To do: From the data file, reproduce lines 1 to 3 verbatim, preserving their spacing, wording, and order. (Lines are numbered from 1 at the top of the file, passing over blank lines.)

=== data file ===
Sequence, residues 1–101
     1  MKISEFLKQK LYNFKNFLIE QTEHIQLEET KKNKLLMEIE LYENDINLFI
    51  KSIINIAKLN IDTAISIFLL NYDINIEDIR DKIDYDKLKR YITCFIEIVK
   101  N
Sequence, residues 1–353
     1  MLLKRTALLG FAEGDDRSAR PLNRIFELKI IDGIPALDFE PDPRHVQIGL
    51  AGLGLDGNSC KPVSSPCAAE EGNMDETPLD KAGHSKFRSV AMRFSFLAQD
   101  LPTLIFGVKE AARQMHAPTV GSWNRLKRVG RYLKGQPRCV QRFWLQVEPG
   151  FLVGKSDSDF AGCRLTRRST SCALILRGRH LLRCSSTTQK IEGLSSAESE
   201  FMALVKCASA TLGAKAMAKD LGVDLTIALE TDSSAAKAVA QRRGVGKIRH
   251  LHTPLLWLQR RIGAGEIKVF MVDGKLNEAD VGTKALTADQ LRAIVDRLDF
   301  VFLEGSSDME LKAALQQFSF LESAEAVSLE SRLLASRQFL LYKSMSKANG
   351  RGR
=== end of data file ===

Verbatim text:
Sequence, residues 1–101
     1  MKISEFLKQK LYNFKNFLIE QTEHIQLEET KKNKLLMEIE LYENDINLFI
    51  KSIINIAKLN IDTAISIFLL NYDINIEDIR DKIDYDKLKR YITCFIEIVK